Monday, September 10, 2007

From Ballpark to Courts, an Odd Coupling

By GEORGE VECSEY

Published: September 10, 2007


On one end of the boardwalk, Pedro Martínez took a curtain call like Pavarotti after hitting a high C. On the other end of the boardwalk, a few hours later, Roger Federer fell to his knees like Baryshnikov in a moment of joy.


There was passion in Queens yesterday, with Federer celebrating his latest United States Open championship after Martínez staged an unusual midgame celebration of his comeback from shoulder surgery.

The two sports overlap in these parts only a few days every year, putting the upscale tennis fans in the same traffic jam as the blue-and-orange-clad Mets fans (pictured) in their shirts honoring Piazza, Alfonzo, Seaver and many of the current worthies.

On this particular Sunday, Flushing Meadows had its own odd couple: Federer in his man-in-black garb in one arena and Martínez making his first appearance of the season in the Mets’ tacky old dive.

They both knew how to carpe the olddiem. Federer, 26, hit the floor after the final point of a 7-6 (4), 7-6 (2), 6-4 victory over Novak Djokovic, the 20-year-old who captivated tennis fans these past two weeks. (Federer is decidedly not amused by his imitations.) Martínez, soon to turn 36, gave the home fans a bonus when he emerged from the dugout to wave and do an odd little dance step after pitching five scoreless innings in what would become a 4-1 victory over Houston.


These tennis-baseball doubleheaders do not always work out for the Metsies. On a damp, ominous final Friday in 1987, Lori McNeil duffed an approach shot that would have put Steffi Graf in big trouble in their semifinal, and McNeil never recovered. A few hours later, Terry Pendleton of the Cardinals silenced Shea with a home run into the mist against Roger McDowell, effectively destroying the Mets’ hopes of repeating as champions.

The two sports coexist despite the lack of parking spaces, now exacerbated by the construction of the new Mets ballpark (Why do I keep wanting to call it the New Shea?). But everybody gets along, mostly in hope of witnessing something glorious north of the tracks or south of the tracks, connected by a wooden boardwalk with pedicabs shuttling fans back and forth.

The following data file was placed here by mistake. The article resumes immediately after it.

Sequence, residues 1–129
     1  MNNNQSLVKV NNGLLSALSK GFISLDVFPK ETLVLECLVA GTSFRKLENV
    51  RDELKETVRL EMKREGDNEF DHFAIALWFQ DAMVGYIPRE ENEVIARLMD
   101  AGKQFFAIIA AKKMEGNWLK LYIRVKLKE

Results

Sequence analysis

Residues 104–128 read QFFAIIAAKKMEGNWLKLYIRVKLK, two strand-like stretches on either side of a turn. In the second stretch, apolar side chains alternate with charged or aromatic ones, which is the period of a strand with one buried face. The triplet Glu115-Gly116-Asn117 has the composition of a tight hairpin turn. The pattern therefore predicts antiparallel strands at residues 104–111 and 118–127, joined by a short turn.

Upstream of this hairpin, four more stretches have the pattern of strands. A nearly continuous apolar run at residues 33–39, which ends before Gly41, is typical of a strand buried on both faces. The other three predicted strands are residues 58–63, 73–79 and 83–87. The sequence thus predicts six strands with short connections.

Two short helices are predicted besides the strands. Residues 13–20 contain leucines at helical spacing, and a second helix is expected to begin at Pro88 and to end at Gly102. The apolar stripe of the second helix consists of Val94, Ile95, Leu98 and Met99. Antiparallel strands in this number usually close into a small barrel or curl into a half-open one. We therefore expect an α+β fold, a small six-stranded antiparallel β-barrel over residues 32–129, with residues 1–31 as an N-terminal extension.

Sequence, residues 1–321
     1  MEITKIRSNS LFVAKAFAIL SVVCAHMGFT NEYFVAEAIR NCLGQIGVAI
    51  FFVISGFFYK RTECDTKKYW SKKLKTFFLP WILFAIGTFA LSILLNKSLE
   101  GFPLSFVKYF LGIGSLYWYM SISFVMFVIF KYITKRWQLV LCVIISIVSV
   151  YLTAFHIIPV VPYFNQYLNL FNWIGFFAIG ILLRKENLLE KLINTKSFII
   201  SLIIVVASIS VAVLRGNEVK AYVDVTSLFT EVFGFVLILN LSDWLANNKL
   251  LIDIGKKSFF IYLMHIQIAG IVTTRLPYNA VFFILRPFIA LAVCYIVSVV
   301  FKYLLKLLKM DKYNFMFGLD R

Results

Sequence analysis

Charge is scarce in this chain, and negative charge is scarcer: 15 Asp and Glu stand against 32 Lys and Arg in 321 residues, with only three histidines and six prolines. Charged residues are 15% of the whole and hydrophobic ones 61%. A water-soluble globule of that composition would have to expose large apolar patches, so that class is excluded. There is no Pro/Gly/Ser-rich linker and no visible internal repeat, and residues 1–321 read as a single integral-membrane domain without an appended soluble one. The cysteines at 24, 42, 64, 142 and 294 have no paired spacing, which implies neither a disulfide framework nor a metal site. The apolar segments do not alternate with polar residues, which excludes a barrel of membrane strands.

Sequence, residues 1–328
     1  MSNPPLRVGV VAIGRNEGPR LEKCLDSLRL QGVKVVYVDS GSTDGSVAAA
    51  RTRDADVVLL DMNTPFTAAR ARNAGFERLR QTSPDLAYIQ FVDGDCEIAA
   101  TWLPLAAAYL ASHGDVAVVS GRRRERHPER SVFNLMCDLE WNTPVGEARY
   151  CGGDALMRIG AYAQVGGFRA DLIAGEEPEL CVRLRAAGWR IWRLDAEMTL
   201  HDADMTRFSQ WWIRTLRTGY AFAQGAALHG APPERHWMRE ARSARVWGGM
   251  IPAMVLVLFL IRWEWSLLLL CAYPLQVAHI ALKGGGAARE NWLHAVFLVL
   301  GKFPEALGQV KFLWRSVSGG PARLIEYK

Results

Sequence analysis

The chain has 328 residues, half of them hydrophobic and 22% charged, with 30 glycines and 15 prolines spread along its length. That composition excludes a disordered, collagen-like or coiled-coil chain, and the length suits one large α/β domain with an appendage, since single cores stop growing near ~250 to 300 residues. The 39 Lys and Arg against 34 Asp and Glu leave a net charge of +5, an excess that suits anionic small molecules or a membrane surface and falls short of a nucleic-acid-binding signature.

The Mets went on first, with Martínez the main attraction. He came to New York three seasons ago to try to help win a World Series, but he was in tears last September when his body broke down. After surgery and hard training, he made it back for five innings in Cincinnati last week. Yesterday he came home, surviving his wildness on the mound and a couple of romps on the basepaths.

Normally charismatic, Martínez squirmed through 92 pitches, then openly celebrated after the Astros were retired in the fifth. Surprisingly, Martínez emerged from the dugout, a jacket on his arm, taking a wave, which no doubt thrilled the Astros. In the old days, a celebration after five innings would have earned a fastball in the ribs, and Roy Oswalt did indeed drill the Mets’ Lastings Milledge one inning later.

“I wanted to do something back for my fans and in front of my fans,” Martínez said later.

“I’m going to savor every little bit that I can get from the game from now on,” he continued. “I’m just coming back from a surgery that, if I have to do it again: ‘See you guys. No more.’ I’m going to enjoy every little moment that I have. Sign as many autographs as I can because it’s not going to last too long.”

He was entitled.

Petey went out before Federer and Djokovic took the court, with the usual assortment of celebs in attendance — Dustin Hoffman, Robin Williams, Charlie Rose, David Stern and, oh, lookie here, Maria Sharapova, who, for the record, was sitting in the Djokovic box. Djokovic says they are friends.

In a quickie television interview before the match, Federer said he was curious how Djokovic would handle his first slam final. Djokovic later said that he was affected by the stress, flubbing seven set points. (“My next book is going to be called ‘Seven Set Points,’ ” he joked afterward, as charming as ever.)

Nevertheless, Djokovic played three competitive sets, and Federer said he was sure Djokovic would be back in many more Grand Slam finals. Roger did not exactly predict that Djokovic would win those finals. That, for the foreseeable future, seems to be Federer’s job, since he has won 12 of his 14 finals so far. His presence is as emphatic as the one-handed backhand winner he struck down the line to win the second set.

Federer doesn’t waste energy on gestures, but he pumped his fist at that one. Later, he hit the deck after winning another slam title. No doubt Martínez can also fall to his knees in ecstasy and would be delighted to unveil this move in a month or so, on the north end of the boardwalk.

E-mail: geovec@nytimes.com


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